Premium Chessgames Member
  kevin86: I thought there was going to be a queen trap-I just couldn't put it together! The masterful end Rh8-was a very deep conclusion.
Jun-11-06  RandomVisitor: <LMAJ>Nice analysis.
Premium Chessgames Member
  LIFE Master AJ: <RV> Thanks. :)
Premium Chessgames Member
  LIFE Master AJ: BTW, one small error in my post above.

<(The improved of 'deferred' version, as many books like to call it. See MCO-14, beginning on page 53; for more details.)>

The "of" here - in the above passage - should (obviously) be "or," I hope that did not throw anyone off.

CG staff - Any chance of ya'll just fixing the original post? ... (you could then delete this one, to avoid any confusion.)

Premium Chessgames Member
  patzer2: After the casual developing move 21. Be2??, it's hard to believe that Black now wins with 21...Kh7! Yet, that's the case here as the followup 22. g4 f3! sets up a Queen trap after 24...Rh8! 25. Rad1 g6 26. Qxh6+ Kg8 .
Premium Chessgames Member
  patzer2: Instead of 21. Be2??, White holds a slight advantage with 21. h3 Kh7 22. Bd3 g6 23. Qe2 .
Oct-13-07  Antiochus: Nimzo inspired him:

Samisch vs Nimzowitsch, 1923

Premium Chessgames Member
  An Englishman: Good Evening: Here is a classic Nimzowitsch win with an astonishingly similar finish:

Schlechter vs Nimzowitsch, 1907

Aug-17-10  TheRavenPK: Luděk Pachman is clearly Czech.. You probably don't know, that "Zadok" in Czech (also in Slovak) means "back" as a part of body..

So, to me, it is clear, why Luděk tried hard to win this game - no one would like to draw with ass..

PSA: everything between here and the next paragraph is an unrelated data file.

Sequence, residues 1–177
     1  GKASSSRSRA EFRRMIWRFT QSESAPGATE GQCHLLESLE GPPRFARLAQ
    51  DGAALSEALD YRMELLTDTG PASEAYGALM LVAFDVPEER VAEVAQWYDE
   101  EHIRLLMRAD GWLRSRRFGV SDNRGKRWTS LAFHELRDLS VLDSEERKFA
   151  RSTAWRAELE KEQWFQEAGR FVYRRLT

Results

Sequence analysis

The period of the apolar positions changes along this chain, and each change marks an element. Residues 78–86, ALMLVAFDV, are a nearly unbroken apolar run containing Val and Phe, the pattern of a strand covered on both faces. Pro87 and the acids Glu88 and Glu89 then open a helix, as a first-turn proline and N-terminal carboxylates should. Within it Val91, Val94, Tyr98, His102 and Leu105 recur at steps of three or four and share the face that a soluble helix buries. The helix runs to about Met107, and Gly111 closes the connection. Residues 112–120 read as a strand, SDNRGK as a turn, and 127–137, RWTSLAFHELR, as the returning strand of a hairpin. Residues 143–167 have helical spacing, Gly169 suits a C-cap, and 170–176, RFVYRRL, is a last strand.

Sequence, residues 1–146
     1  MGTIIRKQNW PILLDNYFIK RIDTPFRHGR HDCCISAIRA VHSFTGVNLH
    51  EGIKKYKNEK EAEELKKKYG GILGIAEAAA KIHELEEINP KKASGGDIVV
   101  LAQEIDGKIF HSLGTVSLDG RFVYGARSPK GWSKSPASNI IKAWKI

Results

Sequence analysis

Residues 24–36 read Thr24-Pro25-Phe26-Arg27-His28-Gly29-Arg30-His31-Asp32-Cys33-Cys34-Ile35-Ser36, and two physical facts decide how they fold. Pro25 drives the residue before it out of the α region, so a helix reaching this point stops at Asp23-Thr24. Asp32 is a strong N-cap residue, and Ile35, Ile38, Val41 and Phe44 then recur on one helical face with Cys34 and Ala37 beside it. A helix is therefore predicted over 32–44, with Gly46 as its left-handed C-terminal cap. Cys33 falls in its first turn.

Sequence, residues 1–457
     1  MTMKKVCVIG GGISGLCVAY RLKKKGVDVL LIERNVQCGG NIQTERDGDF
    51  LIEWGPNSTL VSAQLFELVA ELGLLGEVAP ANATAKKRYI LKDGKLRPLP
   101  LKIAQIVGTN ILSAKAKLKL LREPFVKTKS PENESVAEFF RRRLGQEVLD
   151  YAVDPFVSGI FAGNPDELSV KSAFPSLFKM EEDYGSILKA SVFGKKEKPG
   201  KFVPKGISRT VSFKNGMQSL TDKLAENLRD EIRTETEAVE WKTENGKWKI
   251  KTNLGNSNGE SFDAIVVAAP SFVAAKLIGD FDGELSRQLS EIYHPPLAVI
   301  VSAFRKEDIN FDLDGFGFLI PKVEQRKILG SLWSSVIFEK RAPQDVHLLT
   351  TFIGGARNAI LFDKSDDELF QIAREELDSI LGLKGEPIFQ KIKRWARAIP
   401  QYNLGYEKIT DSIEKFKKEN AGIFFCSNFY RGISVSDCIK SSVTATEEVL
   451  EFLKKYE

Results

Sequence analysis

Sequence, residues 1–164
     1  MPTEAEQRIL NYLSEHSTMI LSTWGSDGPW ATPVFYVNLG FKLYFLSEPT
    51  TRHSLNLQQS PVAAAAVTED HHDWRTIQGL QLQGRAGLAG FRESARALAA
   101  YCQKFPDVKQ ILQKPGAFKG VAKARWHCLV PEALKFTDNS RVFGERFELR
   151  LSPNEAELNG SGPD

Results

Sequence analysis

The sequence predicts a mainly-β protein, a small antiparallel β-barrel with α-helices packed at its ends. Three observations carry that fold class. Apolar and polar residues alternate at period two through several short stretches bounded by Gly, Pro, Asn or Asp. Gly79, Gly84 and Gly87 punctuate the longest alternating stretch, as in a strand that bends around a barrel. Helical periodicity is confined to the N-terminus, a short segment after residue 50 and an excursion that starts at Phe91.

Aug-17-10  whiteshark: A not so delightful excursion for one queen.
Aug-17-10  NewLine: The white queen sure looks here like pacman, hunted down by the ghosts, and failing to reach the corner first for the spinach or whatever it is...
Aug-17-10  RandomVisitor: After 19...Nxe5:

click for larger view

Rybka 3: <23-ply>

[+0.00] 20.h3 Kh7 21.Red1 g6 22.Qe2 Qg5 23.f3 Bxh3 24.Kf1 Bc8 25.Ke1 Re8 26.Rd5 b5 27.Rad1 Bb7 28.R5d4 h5 29.Kf1 Bc8 30.Ke1 Bb7 31.Kf1 Bc8 32.Ke1 Bb7 33.Kf1 Bc8 34.Ke1 Bb7 35.Kf1

[-0.25] 20.Qd1 Rd8 21.f3 Bg4 22.Bd5 Bh5 23.Kh1 c6 24.Qe2 Qg6 25.Rad1 cxd5 26.exd5 f6 27.c4 Qf5 28.b3 g5 29.Qf2 Rd7 30.Rd4 Bg6 31.Rf1

Premium Chessgames Member
  scormus: Lovely quiet finishing moves "the silent assassin"?

<An Englishman .. Antiochus> Just what I was thinking, though I didnt know those games. What I do remember is once in a match playing ... Kh7 followed by ... Rh8. My opponent looked in surprise, smiled and said "Nimzo would have been proud of that" and I replied "If he ever played it". Well ....

BTW, sadly the result was not the same

Premium Chessgames Member
  kevin86: At first,I thought it was going to be a normal kingside attack;then the adverse queen put her nose in,and is soon to be rhinoplasticized.
Premium Chessgames Member
  Once: The black rook wins the game by returning to its starting square - not something that you see very often!
Premium Chessgames Member
  SwitchingQuylthulg: <Once: The black rook wins the game by returning to its starting square - not something that you see very often!>

Here's a 16-move game that finishes with the same move - but a somewhat different queen trap:

Philip Nizetic vs T Clarke, 2001

Aug-18-10  RandomVisitor: After 11...Bg5:

click for larger view

Rybka 3:

<[+0.40] d=24 12.Nxg5> hxg5 13.g3 Bh3 14.Qe2 Qd7 15.Nd5 g4 16.Be3 Na5 17.0-0-0 Nxb3+ 18.axb3 Qc6 19.f4 gxf3 20.Qxf3 0-0-0 21.g4 Kb8 22.Rhg1 Qe6 23.Rg3 c6 24.Bb6 Rdg8 25.Nb4 Nh4 26.Qd3 Bg2 27.Qe2